As for related, the movie involved sensory deprivation chambers, with and without chemical assistance.

          • by martyb (196687)

            Sorry for replying to myself... left out the href...

            See the chapter "Altered States" on page 128 of Surely You're Joking, Mr. Feynman!" [fsu.edu].

      • Is a sensory deprivation tank as quiet as this? From what I understand of their design, it doesn't seem as though they would be. Water is a great conductor of sound, and you can hear things through bone conduction (maybe even soft tissue to some degree? we are ugly bags of mostly water).

    • by TapeCutter (624760) on Monday December 02, 2013 @11:51AM (#45575337) Journal

      Maybe longer would do it.

      Yep, longer will do it, I'd find it very difficult to believe someone can go without sleep for five days without hallucinating. I worked on a fishing trawler in the southern ocean. Every voyage lasted about 3 days. That's no sleep for 70+ hours, 30-35 of them working straight through to fill the hold, only stopping for 30 min every 5hrs to get something to eat, the other half of the time was normally spent holding on for dear life in the "roaring forties" between the Islands and the mainland

      Driving home in twilight on a country road after my first voyage, a row of white goblins suddenly ran single file across the highway, they were about 3 foot tall with one big red "Cyclops" eye that took up their entire face . They kept coming out of the thick scrub all in neat single file, every one of them looking straight at me, running for their lives and showing no signs of breaking formation even though I'm driving straight at them at 100km/h.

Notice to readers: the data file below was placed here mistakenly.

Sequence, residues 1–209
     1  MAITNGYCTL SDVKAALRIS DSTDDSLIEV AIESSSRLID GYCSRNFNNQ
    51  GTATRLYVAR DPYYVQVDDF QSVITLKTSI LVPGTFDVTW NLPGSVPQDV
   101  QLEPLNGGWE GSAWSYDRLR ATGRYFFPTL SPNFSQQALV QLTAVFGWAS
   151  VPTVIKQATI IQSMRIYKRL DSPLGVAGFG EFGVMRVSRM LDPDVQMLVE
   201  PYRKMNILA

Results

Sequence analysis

I hit the brakes even though I kept telling myself in my head that it wasn't real, I hadn't yet realised I was hallucinating and could not work out what the fuck was going on, and whatever they were I certainly didn't want to hit them. I noticed that as I slowed down so did the "goblins", when I was nearly stopped I just as "suddenly" realised it was the row of white guide posts with the red reflectors that you get on hazardous stretches of highway. They appeared to be running across the road because I was approaching a long right hand bend. I hadn't been looking at where the goblins were going until I was almost stopped. What was left of my attention was focused on where the goblins were coming from. As soon as I looked to the left to see where they were going, it broke the illusion.

      It was only then I realised I had been hallucinating. Further down the road on that 30 minute trip I saw a large "beast" on a semi trailer. it looked a bit like an elephant or a hippo lying on it's back with it's legs straight up and in chains, before I could put a finger on what type of animal it was it morphed into a log truck carrying two stacks of short logs. A bit further down the road there was a (very fat) aborigine sitting under a tree at the side of the road sporting a loin cloth and yellow corroboree spots on his body, that turned out to be a large lichen covered rock. As I was showering and crawling into bed someone kept speaking my name every few minutes.